Imagine you have a shared finances account with whatever people you trust and don't pitty to give to. But the account is not just holding common savings pooled by a few people into one place, whatever the sum is placed into that account is automatically split into equal parts to all of its participants.
So the account is common, but at the same time divided into individual accounts. If there are five people and someone puts 10 euros into that shared wallet, everyone now has 2 euros each. You can withdraw the money from your individual account whenever you want and anyone can put whatever the sum they feel like into the common account whenever they want.
What's the point: This is a very simple model to approach testing radical division of finances and how human psychology would operate in those circumstances. If all the money in the world would be equally divided among all the people, would humanity turn out better or worse?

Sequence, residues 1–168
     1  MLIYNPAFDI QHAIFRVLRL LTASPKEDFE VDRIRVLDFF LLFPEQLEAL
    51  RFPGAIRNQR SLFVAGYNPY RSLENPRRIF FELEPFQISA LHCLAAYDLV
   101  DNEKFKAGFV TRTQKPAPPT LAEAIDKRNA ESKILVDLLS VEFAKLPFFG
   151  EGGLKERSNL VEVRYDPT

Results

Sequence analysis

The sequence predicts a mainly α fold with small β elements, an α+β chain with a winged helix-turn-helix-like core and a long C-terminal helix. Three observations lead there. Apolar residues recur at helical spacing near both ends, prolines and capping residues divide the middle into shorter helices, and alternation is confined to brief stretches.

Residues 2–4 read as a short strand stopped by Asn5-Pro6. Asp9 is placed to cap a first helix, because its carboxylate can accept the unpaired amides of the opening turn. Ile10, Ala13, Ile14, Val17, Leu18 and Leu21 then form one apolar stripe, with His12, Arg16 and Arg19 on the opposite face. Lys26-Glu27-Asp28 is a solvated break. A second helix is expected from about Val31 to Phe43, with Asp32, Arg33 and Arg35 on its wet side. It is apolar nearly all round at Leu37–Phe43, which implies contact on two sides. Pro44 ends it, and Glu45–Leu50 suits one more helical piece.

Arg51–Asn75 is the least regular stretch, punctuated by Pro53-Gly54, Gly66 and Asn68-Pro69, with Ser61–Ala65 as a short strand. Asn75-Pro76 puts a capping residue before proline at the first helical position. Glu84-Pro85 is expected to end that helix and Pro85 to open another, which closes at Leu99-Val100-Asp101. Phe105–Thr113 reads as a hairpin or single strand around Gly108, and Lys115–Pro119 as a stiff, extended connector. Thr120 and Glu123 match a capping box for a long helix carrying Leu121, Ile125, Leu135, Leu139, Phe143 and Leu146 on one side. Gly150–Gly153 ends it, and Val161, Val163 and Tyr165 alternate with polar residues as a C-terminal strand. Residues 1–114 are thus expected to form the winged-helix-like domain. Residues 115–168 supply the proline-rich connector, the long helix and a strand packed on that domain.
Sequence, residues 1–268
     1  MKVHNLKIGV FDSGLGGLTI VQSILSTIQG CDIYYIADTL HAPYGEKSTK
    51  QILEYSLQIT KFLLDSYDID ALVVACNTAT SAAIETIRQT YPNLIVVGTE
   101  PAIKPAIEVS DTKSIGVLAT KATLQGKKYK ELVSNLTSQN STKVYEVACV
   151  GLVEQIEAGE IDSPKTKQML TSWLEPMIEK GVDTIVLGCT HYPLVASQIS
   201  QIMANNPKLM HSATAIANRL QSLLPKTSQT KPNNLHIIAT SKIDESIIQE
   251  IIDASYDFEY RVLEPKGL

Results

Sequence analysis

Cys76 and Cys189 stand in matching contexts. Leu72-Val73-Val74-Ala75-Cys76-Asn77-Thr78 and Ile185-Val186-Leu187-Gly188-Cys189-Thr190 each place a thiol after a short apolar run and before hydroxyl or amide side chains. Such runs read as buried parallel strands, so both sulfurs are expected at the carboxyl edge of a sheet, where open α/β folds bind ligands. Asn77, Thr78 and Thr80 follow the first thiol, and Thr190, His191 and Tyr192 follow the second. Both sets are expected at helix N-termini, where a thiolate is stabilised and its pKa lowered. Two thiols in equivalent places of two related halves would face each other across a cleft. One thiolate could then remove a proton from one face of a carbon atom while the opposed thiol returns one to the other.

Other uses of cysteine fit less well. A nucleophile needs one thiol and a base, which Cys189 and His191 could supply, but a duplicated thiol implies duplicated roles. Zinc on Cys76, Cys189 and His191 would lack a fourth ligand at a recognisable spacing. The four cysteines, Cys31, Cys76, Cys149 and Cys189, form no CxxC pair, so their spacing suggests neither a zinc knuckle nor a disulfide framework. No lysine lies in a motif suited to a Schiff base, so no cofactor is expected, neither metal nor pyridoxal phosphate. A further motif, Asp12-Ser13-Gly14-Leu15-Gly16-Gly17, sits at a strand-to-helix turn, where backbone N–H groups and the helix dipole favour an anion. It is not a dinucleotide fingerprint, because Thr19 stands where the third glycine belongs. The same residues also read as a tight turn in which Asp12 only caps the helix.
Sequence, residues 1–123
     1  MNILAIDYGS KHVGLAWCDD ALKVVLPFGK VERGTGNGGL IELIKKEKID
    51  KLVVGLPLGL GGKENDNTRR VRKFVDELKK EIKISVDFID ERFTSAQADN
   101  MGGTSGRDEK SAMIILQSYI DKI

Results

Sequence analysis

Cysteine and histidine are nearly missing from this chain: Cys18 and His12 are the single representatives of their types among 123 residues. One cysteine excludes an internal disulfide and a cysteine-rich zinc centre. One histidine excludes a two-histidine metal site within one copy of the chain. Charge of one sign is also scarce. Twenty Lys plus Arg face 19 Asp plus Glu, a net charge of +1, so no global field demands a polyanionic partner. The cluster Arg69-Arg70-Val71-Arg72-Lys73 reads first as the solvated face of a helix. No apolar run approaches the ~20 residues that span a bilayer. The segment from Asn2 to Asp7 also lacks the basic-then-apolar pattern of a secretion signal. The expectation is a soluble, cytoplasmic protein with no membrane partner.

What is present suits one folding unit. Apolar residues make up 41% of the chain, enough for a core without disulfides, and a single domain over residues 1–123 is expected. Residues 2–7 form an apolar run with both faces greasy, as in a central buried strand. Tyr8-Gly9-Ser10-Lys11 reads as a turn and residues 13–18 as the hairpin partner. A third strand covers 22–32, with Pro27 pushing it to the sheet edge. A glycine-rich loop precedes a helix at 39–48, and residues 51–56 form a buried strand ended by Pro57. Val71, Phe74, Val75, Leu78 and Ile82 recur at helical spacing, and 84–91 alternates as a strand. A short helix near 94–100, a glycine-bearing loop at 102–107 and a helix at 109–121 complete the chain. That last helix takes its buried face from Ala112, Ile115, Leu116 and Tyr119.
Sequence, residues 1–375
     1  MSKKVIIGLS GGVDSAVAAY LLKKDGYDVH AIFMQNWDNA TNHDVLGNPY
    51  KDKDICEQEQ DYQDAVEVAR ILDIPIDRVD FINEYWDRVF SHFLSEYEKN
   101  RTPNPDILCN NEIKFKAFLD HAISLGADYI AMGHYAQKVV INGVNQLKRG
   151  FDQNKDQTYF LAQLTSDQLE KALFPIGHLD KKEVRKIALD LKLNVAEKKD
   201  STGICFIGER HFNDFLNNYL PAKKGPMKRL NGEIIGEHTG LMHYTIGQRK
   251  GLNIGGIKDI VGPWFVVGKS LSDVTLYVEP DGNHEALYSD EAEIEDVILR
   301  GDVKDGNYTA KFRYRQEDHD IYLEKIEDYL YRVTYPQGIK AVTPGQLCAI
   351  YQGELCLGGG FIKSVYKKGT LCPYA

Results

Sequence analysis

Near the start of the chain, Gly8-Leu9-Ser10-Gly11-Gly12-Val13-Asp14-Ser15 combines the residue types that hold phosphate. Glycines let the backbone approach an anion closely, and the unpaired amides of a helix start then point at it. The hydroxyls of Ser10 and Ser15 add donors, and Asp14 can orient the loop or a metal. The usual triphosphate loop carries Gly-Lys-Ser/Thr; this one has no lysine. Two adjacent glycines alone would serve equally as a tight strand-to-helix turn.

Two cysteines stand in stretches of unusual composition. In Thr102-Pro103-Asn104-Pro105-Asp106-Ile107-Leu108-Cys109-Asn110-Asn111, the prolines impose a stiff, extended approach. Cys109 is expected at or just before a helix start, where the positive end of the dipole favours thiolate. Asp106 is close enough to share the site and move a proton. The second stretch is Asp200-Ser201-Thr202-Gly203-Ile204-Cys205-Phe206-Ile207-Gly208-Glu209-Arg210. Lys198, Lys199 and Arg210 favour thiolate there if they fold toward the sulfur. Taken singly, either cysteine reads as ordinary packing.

It is also a soft way to examine the latter because all the input money from the participants would come in the form of "donations". Whenever you felt like you have some excess money you can share, you could put it into that common account. Instead of donating to a single individual, institution, etc., you would donate to the circle of common people (including yourself).
So the main idea is for a person to give to the community whatever and whenever they feel they can/want and take what they get as a result whenever they need. Each person would then see what's the outcome of such an experiment - do they gain or lose when they're in this or maybe it doesn't make any difference.
Gaining doesn't necessarily mean gaining finances, giving, sharing also feels good, so if you don't feel like you lost something but someone feels they gained and appreciates your input, you'd also feel good, you improved the wellbeing of the group and that's the gaining. And if someone feels they've benefited from this they'll get encouraged to give more themselves.